as we use them (either for good or for ill) we are drawn more deeply into a particular way of being in the world which shapes the kinds of people we are, the sorts of relationships we have, and also the way we conceive of and experience God.*
As we are drawn into a world of technological devices which offer us greater power, mobility, security, and convenience and their associated ‘mentality’ of instrumentalism, we become more and more disconnected from the ‘eloquence’ of the material world around us. Eloquent ‘things’ become disposable commodities. The example [Borgmann] gives is that of the hearth being replaced by the gas heater. A gas heater ‘disburdens’ us from the labour of collecting the wood, etc. and disconnects us from those practises through which we engage with the reality of nature, place and community.#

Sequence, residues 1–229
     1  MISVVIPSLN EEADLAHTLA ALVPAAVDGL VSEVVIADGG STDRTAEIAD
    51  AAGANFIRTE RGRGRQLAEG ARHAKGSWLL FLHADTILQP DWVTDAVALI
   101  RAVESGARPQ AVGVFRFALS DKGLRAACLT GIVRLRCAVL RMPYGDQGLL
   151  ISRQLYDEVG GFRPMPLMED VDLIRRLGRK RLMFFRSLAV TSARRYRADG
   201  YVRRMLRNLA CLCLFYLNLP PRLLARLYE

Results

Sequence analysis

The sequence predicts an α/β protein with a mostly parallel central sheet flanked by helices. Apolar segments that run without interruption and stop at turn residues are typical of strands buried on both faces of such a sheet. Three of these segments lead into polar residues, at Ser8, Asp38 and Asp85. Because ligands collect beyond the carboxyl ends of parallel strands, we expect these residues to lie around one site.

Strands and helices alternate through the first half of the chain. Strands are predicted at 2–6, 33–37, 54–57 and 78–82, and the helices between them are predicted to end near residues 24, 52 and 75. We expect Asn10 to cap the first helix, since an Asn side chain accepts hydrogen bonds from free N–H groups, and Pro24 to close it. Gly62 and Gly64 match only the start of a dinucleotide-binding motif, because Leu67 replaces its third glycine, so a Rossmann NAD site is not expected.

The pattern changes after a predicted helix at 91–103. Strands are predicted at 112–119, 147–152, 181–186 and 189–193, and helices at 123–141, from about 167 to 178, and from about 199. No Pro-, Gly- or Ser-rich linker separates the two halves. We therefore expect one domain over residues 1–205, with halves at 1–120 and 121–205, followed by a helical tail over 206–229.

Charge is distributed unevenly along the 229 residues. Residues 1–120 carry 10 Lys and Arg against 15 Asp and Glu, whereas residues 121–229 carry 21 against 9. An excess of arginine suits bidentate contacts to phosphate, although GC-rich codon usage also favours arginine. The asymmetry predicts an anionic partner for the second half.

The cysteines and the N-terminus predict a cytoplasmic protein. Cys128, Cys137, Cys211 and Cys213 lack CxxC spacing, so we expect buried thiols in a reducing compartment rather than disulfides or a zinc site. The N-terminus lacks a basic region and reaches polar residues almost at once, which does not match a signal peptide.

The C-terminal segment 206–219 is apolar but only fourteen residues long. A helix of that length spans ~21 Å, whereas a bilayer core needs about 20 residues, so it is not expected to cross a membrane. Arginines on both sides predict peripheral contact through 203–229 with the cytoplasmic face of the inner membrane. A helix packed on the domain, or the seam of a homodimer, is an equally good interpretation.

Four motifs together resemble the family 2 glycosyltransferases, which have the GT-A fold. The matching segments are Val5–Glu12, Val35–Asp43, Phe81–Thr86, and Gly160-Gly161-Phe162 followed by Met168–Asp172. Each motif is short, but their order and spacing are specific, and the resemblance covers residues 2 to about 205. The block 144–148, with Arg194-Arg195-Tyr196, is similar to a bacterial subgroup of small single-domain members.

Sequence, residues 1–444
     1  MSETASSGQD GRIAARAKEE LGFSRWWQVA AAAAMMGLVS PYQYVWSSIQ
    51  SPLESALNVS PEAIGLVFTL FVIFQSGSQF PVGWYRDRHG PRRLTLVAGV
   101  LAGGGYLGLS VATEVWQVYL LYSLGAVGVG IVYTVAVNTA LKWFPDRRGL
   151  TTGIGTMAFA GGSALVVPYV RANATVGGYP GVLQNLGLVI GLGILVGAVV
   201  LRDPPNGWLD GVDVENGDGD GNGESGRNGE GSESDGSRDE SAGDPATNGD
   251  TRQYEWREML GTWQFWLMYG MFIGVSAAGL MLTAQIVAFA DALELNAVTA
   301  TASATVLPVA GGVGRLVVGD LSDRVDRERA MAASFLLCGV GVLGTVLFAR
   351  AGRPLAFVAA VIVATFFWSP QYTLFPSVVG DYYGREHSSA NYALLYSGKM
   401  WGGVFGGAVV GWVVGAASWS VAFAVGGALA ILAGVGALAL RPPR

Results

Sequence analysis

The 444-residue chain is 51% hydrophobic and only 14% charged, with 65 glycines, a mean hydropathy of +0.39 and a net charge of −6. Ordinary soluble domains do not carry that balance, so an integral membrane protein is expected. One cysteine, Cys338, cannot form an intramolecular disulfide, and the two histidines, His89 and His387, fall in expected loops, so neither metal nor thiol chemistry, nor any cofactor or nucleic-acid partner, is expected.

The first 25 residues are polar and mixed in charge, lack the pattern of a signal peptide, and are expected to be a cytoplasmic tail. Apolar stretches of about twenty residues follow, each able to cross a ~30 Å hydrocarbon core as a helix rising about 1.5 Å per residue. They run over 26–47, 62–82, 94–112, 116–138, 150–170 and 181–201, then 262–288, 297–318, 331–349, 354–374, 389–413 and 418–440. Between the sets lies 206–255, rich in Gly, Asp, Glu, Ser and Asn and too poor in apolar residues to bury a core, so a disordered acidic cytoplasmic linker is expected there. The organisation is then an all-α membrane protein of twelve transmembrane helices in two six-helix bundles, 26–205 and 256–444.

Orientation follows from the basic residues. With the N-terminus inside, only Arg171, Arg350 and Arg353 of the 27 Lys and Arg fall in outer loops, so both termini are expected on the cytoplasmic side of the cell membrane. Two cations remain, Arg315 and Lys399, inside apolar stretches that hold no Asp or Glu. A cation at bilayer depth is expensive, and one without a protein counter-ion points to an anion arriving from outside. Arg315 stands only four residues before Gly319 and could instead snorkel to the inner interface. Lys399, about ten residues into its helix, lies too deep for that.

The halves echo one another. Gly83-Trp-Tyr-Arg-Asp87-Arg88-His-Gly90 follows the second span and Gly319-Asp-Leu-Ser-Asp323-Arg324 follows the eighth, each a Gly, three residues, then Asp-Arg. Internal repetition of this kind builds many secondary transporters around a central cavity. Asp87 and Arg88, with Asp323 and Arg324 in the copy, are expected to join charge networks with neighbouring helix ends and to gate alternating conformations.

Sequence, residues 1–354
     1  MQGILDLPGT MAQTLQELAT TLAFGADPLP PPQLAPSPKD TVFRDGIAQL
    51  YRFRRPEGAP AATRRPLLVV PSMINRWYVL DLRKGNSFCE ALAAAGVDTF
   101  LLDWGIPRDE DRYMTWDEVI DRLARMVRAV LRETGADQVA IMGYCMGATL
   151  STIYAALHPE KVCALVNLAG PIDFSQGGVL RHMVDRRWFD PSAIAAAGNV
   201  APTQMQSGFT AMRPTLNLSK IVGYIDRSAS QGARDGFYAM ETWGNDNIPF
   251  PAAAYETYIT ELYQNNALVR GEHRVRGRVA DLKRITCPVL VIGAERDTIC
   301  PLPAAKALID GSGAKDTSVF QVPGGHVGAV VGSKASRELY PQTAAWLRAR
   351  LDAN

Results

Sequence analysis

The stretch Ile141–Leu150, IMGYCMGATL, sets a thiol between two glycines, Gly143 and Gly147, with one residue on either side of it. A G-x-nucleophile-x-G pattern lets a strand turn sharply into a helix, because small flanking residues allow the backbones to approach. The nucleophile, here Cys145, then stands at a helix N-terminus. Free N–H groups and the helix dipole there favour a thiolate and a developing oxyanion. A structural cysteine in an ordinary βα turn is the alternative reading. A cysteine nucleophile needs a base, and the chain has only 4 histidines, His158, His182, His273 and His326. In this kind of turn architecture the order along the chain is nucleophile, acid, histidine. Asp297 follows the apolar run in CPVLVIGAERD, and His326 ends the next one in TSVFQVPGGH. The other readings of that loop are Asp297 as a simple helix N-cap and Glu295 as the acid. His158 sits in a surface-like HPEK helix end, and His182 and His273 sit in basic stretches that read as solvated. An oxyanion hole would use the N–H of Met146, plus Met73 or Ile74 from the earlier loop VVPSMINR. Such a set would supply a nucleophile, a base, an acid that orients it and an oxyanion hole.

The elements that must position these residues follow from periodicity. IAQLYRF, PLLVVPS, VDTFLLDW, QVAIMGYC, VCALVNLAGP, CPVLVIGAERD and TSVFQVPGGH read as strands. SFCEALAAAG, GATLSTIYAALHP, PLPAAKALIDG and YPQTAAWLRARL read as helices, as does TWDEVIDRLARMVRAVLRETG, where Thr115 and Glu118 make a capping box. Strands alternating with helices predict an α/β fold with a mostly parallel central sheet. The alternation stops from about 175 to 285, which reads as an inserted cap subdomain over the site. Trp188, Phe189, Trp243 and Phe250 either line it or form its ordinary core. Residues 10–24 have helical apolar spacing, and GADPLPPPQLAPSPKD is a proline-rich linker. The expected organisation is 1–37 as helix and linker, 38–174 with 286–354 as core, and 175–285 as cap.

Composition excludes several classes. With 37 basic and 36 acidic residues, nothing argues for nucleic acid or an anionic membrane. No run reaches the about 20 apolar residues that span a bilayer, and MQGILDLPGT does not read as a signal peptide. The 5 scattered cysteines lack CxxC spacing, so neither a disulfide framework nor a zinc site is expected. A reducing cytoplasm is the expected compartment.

The consumerism of our world constantly works against the eloquence of the material world. Walking, bicycling, and public transit bring us closer to nature and relationships than driving by car. Walking to the market, buying fresh, locally grown produce, cooking it in our own kitchen, eating off of real dishes and cutlery, and washing them up in the sink connects us to the land, nature, and community in ways that a quick burger at the local fast food place never could do. I have many possibilities before me. Some of the choices take sacrifice. What will I choose?
*Ian Barns, “Living Christianly in a Technological World,” research paper (photocopy), p. 2, Photocopy Collections, INDS 582, Connecting and Relating, David Lyon, Regent College Library, Regent College, Vancouver.
#Ibid, p. 11.